Oregon Gov. Kate Brown recently signed into law Senate Bill 863. The bill attracted bi-partisan support as it moved through the legislature and is well intended. The bill protects consumer names, addresses and other personally identifiable information. Patrons of adult-use cannabis retailers in Oregon no longer have to worry about whether or not their information will be recorded or transmitted to a third party. The obvious benefit to consumers is that their personally identifiable information is not available to unscrupulous persons or government bodies. Maintaining privacy in the face of potential federal investigations sometime in the future is a welcome development.

However, the privacy protections granted in SB 863 are so broadly written that they potentially create a new hurdle for providing cannabis businesses with greater access to banking services. Oregon cannabis retailers are prohibited from recording, retaining or transmitting any information that may be used to identify a consumer to any other person. The bill defines “information that may be used to identify a consumer” as information that may be acquired through the production of a passport, state-issued driver’s license, state-issued ID card or U.S. military ID card, whether the information is contained in that document or in a different document or record.

Cannabis retailers operating on an all-cash basis generally have two reasons for obtaining identifying information from customers. First, adult-use cannabis cannot be sold by a licensed retailer to anyone under the age of 21. Identification is used by the retailer to verify the customer’s age. Second, the Oregon Administrative Rules prohibit a retailer from selling more than 1 ounce of flower, 16 ounces of a cannabinoid product in solid form, 72 ounces of a cannabinoid product in liquid form, 5 grams of cannabis extracts or concentrates, 4 immature cannabis plants and 10 cannabis seeds (in the aggregate) to one customer at any one time or within one day. Cannabis retailers that were concerned about overselling to a customer may have recorded personally identifiable customer information in order to avoid violating the stated limits.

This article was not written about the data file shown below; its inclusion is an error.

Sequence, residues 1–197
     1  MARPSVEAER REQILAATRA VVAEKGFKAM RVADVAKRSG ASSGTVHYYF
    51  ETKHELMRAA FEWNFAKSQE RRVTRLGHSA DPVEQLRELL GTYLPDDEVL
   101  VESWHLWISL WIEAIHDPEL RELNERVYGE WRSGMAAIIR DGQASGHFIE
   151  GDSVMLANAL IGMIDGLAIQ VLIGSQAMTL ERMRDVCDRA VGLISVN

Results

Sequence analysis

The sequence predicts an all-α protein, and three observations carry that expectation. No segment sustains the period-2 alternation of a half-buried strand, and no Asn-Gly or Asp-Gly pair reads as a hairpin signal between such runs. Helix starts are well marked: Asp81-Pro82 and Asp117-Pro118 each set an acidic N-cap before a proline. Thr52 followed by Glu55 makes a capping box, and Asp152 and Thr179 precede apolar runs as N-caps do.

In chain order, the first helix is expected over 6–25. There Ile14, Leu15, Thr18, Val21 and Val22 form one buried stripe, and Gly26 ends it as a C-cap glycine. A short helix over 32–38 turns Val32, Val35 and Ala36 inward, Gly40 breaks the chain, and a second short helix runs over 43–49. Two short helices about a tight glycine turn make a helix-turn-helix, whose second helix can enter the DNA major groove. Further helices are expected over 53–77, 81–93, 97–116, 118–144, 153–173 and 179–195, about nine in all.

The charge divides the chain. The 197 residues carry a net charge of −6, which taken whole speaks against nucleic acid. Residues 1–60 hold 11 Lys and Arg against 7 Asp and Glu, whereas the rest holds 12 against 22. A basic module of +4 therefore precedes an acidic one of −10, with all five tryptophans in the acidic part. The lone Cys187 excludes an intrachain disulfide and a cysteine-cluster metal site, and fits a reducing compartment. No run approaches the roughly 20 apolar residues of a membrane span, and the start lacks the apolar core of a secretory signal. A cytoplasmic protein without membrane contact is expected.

A common merchant services debit or credit card transaction generally goes something like this — the retailer uses a point-of-sale terminal to scan your item or items and calculates the total amount due. The retailer then keys in the amount due to a credit and debit card payment terminal that is able to read the magnetic stripe or chip. The magnetic stripe generally contains the card number, the name of the cardholder and the expiration date. Newer chip-enabled cards generally have identical data encoded on the chip. The card payment is authorized and a receipt is printed for the customer to sign, which the merchant keeps. A duplicate copy may be printed for the customer. The plain language of SB 863 may prohibit recording, retaining or transmitting a debit or credit card holder’s name because that information identifies the consumer, and their name is probably contained on their ID.

The legislature’s efforts to protect consumer privacy are laudable, and is a logical outcome following the confirmation of Jeff Sessions as Attorney General and subsequent increased fears of federal enforcement. Cannabis consumers should be aware that any federal enforcement could have negative effects and should therefore demand state-level laws that protect their interests.

However, SB 863 does not appear be crafted in ways that anticipate the potential relaxing of federal laws. Instead, the bill was so broadly drafted that it may create an additional hurdle to banking services in the future. Banks and merchant service providers that offer debt and credit card services to retailers may continue to balk at providing such services to Oregon cannabis retailers if boilerplate merchant services agreements require cannabis retailers to retain personally identifiable information in violation of state law. We can only hope that Oregon law is not the final hurdle that prevents access to banking services.

Earlier this week, Congressman Earl Blumenauer was the keynote speaker at the Oregon Cannabis Association event, Toke Talk. Congressman Blumenauer emphasized his efforts to provide greater access to banking services and eliminating the impact of Internal Revenue Code section 280E on cannabis businesses that are compliant with state law. Toke Talk featured a number of speakers that offered industry insights and inspiration, while others expressed consternation over intrusions from big business and big pharma.